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Back To Basics

Thanks to satellite navigation and electronic instrumentation, modern-day mariners live in privileged times. But when things go wrong at sea, it’s important to be able to navigate the old-fashioned way.


Have you heard the one about the U.S. Navy ship that ran aground on a coral atoll in the Philippine Islands? The ship’s electronic charts misplaced a reef by eight miles. On the back-up paper charts, however, evidence of this barrier was crystal clear. The officer in charge aboard the USS Guardian told the navigator to trust the electronics because they were newer and updated. Big mistake, as the ship was destroyed.


Heads up all you gizmo-loving skippers! It’s easy to become dependent on today’s dizzying array of navigational electronics. But should these systems prove to be unreliable—or worse, shut down—a safer and more accurate journey requires channeling your inner ancient mariner.


To get back to basics is simple. All you’ll need to get started is:

  • Paper Charts
  • Dividers
  • Pencils
  • Parallel rulers
  • A magnetic compass
  • Post-it notes
  • Binoculars


Of course, the best way to sharpen your skills and relearn the basics of navigation is to take a course from the U.S. Power Squadron or United States Coast Guard Reserve. But a great way to jump-start your rusty skills is to follow these expert tips:

  • Practice navigating using a paper chart. When cruising in open water, plot your course by drawing a line from point A to point B. Use your dividers to measure the distance by using the degrees and minutes scale on the East or West borders of your chart. This way, you can estimate your cruising time by dividing the distance by your cruising speed in knots. 
  • Verify your course direction. Use parallel rulers to “walk” your course line over to the center of the Compass Rose to calculate Magnetic Course. Read the annual magnetic variation and adjust accordingly. 
  • Know how to correct your compass for variation and deviation. This is a necessity for properly steering your yacht from point A to point B. The easiest way to remember the conversion process from compass to true is to apply this mnemonic: "Can Dead Men Vote Twice At Elections" (Compass, Deviation, Magnetic, Variation, True, Add East.). So, when converting compass heading to true heading, add east deviation and variation, then subtract west deviation and Variation.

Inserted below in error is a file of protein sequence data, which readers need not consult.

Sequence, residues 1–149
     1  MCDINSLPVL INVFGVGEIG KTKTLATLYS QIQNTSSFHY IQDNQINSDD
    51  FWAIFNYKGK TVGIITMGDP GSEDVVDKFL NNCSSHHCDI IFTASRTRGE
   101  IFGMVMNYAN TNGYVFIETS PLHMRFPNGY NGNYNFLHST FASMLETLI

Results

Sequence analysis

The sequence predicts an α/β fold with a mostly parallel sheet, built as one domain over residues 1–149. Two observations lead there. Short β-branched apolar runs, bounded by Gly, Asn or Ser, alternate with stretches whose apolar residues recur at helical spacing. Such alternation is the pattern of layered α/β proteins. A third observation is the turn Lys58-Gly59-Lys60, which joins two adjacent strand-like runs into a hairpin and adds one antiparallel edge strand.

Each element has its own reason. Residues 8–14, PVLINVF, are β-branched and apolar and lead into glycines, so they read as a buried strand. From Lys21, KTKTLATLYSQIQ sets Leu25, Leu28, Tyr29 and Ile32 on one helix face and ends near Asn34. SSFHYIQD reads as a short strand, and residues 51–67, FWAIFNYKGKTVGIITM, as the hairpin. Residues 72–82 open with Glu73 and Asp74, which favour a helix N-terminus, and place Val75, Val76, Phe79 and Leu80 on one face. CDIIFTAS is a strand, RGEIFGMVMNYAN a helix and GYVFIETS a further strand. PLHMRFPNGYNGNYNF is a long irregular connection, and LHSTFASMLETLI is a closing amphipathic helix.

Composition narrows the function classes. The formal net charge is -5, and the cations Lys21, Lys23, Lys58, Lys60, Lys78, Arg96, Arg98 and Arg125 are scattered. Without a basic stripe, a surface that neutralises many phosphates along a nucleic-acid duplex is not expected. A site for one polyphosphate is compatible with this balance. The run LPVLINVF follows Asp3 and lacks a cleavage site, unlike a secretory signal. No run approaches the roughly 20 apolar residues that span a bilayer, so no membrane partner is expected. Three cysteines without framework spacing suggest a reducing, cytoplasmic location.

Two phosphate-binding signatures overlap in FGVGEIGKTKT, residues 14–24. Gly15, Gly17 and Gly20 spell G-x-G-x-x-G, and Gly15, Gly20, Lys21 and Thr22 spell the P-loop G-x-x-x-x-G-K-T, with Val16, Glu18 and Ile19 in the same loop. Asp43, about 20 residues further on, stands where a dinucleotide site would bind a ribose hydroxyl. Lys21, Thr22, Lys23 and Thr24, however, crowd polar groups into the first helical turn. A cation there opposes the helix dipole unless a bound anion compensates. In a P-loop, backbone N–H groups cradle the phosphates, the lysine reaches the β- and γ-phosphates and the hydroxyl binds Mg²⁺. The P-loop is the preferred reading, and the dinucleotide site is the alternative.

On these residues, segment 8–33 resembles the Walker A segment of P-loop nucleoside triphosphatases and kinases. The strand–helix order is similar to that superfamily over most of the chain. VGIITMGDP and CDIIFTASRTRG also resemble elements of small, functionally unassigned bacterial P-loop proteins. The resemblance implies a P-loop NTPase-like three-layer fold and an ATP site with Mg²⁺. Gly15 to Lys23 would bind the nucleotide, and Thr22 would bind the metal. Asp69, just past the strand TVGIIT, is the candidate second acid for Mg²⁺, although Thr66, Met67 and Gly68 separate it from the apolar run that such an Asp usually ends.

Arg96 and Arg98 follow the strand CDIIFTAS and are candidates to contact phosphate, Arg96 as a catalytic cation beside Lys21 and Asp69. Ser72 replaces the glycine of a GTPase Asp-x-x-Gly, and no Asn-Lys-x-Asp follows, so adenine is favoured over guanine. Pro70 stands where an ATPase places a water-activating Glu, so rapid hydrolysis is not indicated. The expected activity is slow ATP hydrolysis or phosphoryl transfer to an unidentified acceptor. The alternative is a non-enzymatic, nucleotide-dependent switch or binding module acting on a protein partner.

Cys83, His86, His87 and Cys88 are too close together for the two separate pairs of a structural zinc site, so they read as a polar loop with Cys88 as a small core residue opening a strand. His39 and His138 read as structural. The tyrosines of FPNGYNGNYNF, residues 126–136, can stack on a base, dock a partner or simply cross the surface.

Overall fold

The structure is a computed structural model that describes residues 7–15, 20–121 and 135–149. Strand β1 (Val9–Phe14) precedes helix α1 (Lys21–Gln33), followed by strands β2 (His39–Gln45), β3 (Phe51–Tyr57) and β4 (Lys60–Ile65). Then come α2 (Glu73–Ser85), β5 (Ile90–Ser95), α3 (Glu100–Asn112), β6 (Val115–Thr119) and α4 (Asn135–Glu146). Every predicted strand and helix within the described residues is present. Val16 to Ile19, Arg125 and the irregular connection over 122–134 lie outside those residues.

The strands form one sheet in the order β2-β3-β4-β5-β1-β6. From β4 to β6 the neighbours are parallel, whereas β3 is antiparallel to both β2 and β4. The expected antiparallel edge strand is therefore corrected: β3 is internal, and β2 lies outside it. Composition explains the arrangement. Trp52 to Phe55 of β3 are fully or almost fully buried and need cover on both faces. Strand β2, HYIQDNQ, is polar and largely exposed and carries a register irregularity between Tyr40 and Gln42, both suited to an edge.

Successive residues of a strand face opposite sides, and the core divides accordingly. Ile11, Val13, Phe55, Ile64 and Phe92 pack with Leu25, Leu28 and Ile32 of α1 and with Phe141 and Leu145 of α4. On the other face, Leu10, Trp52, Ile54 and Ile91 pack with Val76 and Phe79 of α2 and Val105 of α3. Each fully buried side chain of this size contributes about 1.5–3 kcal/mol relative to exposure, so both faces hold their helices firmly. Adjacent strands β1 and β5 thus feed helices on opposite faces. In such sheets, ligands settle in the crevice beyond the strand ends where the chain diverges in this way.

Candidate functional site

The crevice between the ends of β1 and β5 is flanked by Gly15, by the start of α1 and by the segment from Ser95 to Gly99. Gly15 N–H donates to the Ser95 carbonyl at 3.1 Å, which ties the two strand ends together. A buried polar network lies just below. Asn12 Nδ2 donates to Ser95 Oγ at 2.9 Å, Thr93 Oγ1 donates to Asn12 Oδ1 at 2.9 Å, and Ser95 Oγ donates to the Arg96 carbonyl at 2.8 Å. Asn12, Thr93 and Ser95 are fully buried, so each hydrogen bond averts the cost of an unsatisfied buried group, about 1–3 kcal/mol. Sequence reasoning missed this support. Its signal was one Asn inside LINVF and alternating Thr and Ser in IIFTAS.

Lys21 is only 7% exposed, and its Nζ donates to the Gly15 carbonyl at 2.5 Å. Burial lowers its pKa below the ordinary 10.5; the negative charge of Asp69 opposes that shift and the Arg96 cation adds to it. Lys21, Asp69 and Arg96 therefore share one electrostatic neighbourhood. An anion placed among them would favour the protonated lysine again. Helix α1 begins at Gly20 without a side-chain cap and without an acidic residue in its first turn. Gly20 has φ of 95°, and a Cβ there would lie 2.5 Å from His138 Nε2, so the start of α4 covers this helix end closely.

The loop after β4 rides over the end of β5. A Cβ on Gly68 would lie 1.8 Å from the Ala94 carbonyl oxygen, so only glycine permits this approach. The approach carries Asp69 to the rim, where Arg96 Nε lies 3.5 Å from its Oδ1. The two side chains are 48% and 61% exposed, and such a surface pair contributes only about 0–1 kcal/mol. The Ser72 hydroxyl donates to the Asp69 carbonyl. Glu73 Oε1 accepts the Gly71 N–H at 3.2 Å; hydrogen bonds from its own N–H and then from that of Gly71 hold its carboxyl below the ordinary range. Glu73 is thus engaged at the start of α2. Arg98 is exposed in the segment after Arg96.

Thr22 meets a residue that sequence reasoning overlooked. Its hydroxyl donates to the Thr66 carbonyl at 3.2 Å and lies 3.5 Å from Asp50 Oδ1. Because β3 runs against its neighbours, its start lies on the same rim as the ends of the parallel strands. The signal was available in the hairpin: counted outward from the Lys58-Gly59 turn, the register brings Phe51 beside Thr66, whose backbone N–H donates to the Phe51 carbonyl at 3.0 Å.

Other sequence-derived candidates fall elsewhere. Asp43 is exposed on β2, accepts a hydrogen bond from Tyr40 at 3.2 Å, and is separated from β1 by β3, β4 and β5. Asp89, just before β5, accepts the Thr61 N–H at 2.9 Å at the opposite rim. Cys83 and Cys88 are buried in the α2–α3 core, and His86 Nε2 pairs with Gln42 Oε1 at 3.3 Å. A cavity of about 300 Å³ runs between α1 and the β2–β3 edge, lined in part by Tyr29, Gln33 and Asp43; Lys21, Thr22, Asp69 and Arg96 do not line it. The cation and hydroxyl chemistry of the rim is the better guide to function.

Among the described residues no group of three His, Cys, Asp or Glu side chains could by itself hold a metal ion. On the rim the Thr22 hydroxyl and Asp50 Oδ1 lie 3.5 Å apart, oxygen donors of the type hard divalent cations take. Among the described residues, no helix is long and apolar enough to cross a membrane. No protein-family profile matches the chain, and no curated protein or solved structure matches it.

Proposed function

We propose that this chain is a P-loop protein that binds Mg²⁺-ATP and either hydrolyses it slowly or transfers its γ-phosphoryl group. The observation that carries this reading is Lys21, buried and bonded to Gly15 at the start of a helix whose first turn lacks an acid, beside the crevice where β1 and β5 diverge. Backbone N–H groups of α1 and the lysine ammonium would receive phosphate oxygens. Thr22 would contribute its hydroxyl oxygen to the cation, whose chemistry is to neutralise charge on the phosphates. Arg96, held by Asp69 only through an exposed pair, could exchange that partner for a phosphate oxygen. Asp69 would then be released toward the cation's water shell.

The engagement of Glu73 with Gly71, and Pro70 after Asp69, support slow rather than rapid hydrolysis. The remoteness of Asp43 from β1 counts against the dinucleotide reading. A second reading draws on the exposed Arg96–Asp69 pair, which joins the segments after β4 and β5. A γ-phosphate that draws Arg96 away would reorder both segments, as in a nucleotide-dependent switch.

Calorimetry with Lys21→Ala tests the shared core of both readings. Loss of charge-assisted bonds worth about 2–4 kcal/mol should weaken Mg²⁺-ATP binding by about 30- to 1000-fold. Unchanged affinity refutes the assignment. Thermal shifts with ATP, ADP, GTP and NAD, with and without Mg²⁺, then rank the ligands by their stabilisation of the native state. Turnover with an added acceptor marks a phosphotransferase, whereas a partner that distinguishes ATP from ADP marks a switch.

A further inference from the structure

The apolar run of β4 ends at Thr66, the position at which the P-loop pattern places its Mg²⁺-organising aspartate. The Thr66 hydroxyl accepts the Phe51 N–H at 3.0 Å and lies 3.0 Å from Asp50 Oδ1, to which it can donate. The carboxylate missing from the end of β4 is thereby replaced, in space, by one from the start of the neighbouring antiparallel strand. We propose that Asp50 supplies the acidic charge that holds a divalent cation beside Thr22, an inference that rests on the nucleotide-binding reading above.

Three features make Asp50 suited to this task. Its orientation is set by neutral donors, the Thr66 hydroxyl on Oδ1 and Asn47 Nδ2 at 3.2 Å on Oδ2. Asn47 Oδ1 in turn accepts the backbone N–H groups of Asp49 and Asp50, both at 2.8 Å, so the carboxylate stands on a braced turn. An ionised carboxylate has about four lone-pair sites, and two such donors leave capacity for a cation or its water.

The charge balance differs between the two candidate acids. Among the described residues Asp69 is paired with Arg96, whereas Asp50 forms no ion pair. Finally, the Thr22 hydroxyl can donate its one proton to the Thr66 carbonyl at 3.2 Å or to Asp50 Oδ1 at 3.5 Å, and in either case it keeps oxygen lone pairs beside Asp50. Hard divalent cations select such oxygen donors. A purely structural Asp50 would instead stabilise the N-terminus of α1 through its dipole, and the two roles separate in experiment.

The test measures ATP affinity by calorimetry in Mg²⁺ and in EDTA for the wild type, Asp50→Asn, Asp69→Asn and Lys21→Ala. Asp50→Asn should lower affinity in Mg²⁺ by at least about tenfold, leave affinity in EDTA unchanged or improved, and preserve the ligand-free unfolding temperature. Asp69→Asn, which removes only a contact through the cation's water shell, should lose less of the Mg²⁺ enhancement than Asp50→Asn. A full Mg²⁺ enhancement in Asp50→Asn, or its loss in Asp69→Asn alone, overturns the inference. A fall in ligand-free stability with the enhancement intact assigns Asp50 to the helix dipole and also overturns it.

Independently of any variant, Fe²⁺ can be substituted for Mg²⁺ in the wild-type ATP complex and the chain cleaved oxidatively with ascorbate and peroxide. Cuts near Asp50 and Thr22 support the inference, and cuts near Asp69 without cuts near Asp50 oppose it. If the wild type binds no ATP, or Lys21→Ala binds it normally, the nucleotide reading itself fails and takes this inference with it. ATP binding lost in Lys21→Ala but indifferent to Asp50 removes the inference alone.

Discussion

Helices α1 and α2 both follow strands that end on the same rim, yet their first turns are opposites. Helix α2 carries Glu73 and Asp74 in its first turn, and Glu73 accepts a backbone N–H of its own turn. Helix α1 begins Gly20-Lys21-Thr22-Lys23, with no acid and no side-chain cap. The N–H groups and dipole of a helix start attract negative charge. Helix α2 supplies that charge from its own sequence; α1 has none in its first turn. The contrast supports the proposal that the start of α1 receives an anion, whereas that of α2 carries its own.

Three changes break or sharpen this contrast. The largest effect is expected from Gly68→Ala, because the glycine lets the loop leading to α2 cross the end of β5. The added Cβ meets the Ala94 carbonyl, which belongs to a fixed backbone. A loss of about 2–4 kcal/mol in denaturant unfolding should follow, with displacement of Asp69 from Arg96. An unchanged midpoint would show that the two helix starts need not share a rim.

Alternatively, to convert from true to compass, use this mnemonic: "T. V. Makes Dull Children All Ways" (True, Variation, Magnetic, Deviation, Compass, Add West.). Thus, when converting true heading to compass heading, add west deviation and variation, then subtract east deviation and Variation. 


  • Check your progress periodically. As you cruise using your GPS Chartplotter, watch the electronic course line and compare it to your paper chart course line. At regular intervals, record your latitude and longitude, and then plot onto the paper chart to confirm your advancing Location.

Note: When cruising in a current—either a river or a tidal current—keep in mind that the GPS Chartplotter will show SOG, actual Speed Over Ground. This is an adjusted speed accounting for your vessel slowing in a face current, or accelerating when running with the current.

  • Use binoculars—and pack a spare. Always practice situational awareness by knowing where you are at all times. Take advantage of charted landmarks like silos, water towers, VORTACS and overhead power cables. As the USS Guardian neared the reef, personnel on the bridge reported flashes from a lighthouse. But those were ignored as the crew continued to rely on the electronic charts and GPS.

Also, pack a separate pair of binoculars for the navigator and captain. You have different sets of eyes and won’t need to readjust the focus each time you pick them up to see your next buoy or day marker.

  • Stay “steady as she goes.” Use post-it notes or removable colored tabs to keep track of where you are and locate your final destination. If your electronic tools fail, you’ll be right on target!

Information provided by Captains Chris and Alyse Caldwell, owners of Captain Chris Yacht Services, LLC, 772.205.1859; www.captainchrisyachtservices.com Both are USCG licensed 100 Ton Masters and Cruising Coaches who offer Personal Boat Training online or onboard your boat anywhere! The Caldwells also offer training videos. You can email them at chris@captainchrisyachtservices.com.

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